Job’s eschatology is much better than Eliphaz’s!


Dr. Kim Riddlebarger continues his commentary on Job, Chapter 16:

As we see in verses 9-14, Job feels like God has turned against him.

God assails me and tears me in his anger and gnashes his teeth at me; my opponent fastens on me his piercing eyes. Men open their mouths to jeer at me; they strike my cheek in scorn and unite together against me. God has turned me over to evil men and thrown me into the clutches of the wicked. All was well with me, but he shattered me; he seized me by the neck and crushed me. He has made me his target; his archers surround me. Without pity, he pierces my kidneys and spills my gall on the ground. Again and again he bursts upon me; he rushes at me like a warrior.”

While this is not the case–we know this to be true from the heavenly scene in the prologue (Job 1 and 2)–we can understand why Job feels the way he does. He’s lost everything. He is sick and miserable. He is an outcast. His friends are now accusing him of something he did not do.

Yet, despite all appearances to the contrary, God is for Job. And Job still hopes for vindication. In Job 16:18:-17:3, we see not only the glowing embers of faith, but the beginning of hope.

O earth, do not cover my blood; may my cry never be laid to rest! Even now my witness is in heaven; my advocate is on high. My intercessor is my friend as my eyes pour out tears to God; on behalf of a man he pleads with God as a man pleads for his friend. `Only a few years will pass before I go on the journey of no return. My spirit is broken, my days are cut short, the grave awaits me. Surely mockers surround me; my eyes must dwell on their hostility. `Give me, O God, the pledge you demand. Who else will put up security for me?’”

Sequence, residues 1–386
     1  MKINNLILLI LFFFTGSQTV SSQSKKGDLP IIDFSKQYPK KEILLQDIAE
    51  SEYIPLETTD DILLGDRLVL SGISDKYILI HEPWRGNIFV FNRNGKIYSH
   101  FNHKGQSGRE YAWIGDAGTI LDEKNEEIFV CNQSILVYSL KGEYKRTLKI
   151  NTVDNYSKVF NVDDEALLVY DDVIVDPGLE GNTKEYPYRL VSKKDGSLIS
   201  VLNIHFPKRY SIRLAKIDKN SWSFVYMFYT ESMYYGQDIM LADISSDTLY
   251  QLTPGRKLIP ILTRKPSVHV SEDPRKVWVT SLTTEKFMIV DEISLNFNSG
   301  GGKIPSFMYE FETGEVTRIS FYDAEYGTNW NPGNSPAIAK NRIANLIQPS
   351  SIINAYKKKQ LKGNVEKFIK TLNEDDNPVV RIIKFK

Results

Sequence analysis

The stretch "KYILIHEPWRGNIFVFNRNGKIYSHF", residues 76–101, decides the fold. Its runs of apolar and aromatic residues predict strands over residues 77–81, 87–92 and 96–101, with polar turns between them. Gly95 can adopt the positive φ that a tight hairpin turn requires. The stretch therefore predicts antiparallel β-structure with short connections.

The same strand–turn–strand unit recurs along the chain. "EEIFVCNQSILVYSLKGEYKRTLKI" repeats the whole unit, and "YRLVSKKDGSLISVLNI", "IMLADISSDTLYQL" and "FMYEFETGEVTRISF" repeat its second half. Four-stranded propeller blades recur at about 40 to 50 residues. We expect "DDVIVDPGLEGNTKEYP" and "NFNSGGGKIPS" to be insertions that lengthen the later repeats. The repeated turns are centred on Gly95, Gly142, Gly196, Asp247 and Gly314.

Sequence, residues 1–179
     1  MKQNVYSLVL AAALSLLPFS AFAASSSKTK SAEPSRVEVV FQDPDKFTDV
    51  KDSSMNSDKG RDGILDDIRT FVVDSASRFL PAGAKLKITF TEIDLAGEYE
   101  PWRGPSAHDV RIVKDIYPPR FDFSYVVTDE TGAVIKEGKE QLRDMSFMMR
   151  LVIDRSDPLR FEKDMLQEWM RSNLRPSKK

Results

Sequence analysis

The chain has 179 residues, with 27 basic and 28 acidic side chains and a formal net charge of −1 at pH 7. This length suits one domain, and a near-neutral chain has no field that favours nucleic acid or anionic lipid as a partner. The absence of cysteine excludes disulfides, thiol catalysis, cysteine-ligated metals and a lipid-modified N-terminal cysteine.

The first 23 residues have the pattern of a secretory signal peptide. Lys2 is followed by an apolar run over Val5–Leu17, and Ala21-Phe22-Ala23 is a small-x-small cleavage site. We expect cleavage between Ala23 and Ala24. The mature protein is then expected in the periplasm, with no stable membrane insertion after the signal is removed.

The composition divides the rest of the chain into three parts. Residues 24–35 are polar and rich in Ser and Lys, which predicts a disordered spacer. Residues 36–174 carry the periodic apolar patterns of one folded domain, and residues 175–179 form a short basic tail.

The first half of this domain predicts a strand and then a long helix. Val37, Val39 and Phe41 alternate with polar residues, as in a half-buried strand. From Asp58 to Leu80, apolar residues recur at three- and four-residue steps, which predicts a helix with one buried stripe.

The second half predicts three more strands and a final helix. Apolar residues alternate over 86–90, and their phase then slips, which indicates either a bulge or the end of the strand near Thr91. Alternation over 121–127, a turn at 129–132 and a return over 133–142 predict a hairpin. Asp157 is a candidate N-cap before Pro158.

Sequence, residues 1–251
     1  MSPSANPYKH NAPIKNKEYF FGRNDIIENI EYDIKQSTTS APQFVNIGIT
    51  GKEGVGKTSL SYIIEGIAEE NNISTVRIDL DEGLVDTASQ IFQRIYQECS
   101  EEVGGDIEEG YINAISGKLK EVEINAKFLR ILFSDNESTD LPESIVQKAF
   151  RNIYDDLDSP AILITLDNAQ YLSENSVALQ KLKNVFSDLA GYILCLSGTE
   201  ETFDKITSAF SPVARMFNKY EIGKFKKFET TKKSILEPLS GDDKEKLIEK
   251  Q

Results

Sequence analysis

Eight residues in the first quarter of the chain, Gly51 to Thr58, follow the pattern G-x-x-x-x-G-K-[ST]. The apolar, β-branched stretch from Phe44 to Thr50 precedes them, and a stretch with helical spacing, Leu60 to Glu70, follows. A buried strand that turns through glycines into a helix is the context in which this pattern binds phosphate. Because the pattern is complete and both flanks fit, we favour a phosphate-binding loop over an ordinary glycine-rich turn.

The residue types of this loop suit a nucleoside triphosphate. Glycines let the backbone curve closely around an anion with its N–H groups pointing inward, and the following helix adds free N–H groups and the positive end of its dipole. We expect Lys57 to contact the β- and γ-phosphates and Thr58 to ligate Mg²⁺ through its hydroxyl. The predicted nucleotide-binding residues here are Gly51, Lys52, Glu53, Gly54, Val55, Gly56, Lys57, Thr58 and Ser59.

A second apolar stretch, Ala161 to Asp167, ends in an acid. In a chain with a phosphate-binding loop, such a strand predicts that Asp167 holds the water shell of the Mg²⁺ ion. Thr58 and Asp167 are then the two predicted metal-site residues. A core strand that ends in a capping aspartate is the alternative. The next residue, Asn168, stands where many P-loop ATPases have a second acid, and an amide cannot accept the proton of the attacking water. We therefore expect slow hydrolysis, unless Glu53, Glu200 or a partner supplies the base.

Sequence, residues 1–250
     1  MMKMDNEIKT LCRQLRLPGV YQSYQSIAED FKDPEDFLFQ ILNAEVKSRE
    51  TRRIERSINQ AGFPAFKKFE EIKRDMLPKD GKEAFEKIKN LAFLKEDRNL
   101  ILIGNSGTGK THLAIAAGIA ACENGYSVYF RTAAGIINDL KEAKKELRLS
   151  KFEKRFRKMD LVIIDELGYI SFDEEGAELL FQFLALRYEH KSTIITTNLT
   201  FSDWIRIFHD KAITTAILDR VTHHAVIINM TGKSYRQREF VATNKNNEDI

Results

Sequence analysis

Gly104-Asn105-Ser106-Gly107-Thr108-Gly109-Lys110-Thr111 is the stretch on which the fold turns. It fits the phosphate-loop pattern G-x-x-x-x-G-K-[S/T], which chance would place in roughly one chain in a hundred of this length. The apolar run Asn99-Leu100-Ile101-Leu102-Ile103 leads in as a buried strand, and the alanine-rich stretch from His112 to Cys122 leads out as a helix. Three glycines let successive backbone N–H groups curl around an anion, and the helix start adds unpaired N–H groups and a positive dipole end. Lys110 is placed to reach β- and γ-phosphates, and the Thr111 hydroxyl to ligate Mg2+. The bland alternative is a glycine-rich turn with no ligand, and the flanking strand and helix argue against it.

Job now starts to realize that both his answer to the question, “why?” and his ultimate vindication might not come until his own death. Job will get his answer and he will be vindicated, if not in this life, certainly in the next! Job’s eschatology is much better than Eliphaz’s!

Advertisements

One thought on “Job’s eschatology is much better than Eliphaz’s!

Leave a Reply

Fill in your details below or click an icon to log in:

WordPress.com Logo

You are commenting using your WordPress.com account. Log Out / Change )

Twitter picture

You are commenting using your Twitter account. Log Out / Change )

Facebook photo

You are commenting using your Facebook account. Log Out / Change )

Google+ photo

You are commenting using your Google+ account. Log Out / Change )

Connecting to %s